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Bill to let cyclists treat stop signs as yields advances



Holliday Democrat Carol Moss’s bill to allow bicycle riders to treat stop signs as yields gained momentum today and passed out of the House Transportation Committee with a favorable vote.---

Moss argued her House Bill 155 was not just a bicyclist’s bill, but would actually improve safety on the road. She argued that bicyclists that have to unclip from their pedals for stop signs slow the traffic flow. “I often observe people who break this law, but do so because it’s the safest thing to do,” Moss says.

Her bill is making a comeback on the hill after failing in the 2010 Legislature. This year Moss removed a component of the bill that would allow bicyclists to also treat red light stops as yields if there is no traffic. “This [bill]¬†simply allows a cyclist who comes up to a stop sign to look carefully, and if there are no cars coming, to proceed through the intersection,” Moss told the committee. “This is similar to a law in Idaho they’ve had for 29 years.” Moss told the committee that in the nearly three decades the Idaho law has been on the books, that state has not seen any noticeable increase in traffic accidents involving bicyclists.

Greg Hoole an attorney and cyclist who presented with Moss pointed out the bill would not give any special legal exemptions to cyclists involved in accidents. He did say that such a law could engender more respect for all traffic laws among cyclists. “Cyclists should be focused on traffic and safety, rather than coming to a stop when it doesn’t make any sense to,” Hoole said.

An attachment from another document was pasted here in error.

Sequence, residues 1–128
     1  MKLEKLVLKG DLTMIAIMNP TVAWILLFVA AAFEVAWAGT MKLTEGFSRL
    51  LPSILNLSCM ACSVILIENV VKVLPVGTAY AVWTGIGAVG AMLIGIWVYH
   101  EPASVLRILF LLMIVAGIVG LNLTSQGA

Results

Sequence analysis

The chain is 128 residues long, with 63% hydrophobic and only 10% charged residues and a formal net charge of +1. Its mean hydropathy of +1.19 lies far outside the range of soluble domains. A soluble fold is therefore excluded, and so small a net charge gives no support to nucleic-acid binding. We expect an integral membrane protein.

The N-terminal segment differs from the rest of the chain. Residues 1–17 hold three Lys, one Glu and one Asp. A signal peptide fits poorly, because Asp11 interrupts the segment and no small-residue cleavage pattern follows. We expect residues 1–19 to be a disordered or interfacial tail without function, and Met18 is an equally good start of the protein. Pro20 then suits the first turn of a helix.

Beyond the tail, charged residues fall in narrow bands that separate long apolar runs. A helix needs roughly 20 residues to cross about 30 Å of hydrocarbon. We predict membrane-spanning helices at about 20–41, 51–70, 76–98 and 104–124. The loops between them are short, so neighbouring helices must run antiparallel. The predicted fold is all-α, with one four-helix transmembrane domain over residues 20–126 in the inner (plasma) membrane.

Rep. Val Peterson, R-Provo, asked if cars should be allowed to roll past stop signs if there’s no oncoming traffic. “I’ve read studies to suggest that might be a preferable way, but I’m not going to run that bill,” Moss said. “Cars that run through stops are at a greater risk of running into children. It’s a greater danger than somebody on a bicycle.”

Chris Purcell, a lawyer for State Farm insurance argued to the committee that allowing permissive double standards for bicyclists could be a slippery slope to more reckless bicycling. “Clearly yielding is not as safe as stopping,” Purcell said, telling the committee he has personally seen bicyclists ride over crosswalks and sidewalks to beat traffic lights. “This bill will encourage recklessness over time.” A sentiment shared by committee member Rep. Todd Kiser, R-Sandy. “I’ve logged over 2,000 miles on my bicycle. I’ve done dirt and I’ve done road and I think this is a very convenient law for bicyclists but I don’t think it enhances public safety.” Kiser said. “My experience riding tells me that if I was allowed to roll through [stops] then I would start rolling through them as quickly as I can.”

Moss in her closing arguments to her bill simply argued that the current system actually doesn’t match public safety with the reality of bicycling. If bicyclists avoid less congested back streets for fear of having to stop at every stop sign, they will¬†use more traffic-congested streets where they will have to interact with motorists more often.

“The current system—if followed—impedes the smooth flow of traffic,” Moss said. “I think this is a common sense law and it clarifies a practice that is already done.”

The bill passed favorably out of the committee with 8 yes votes to 4 no votes. It will now go to the House floor for debate.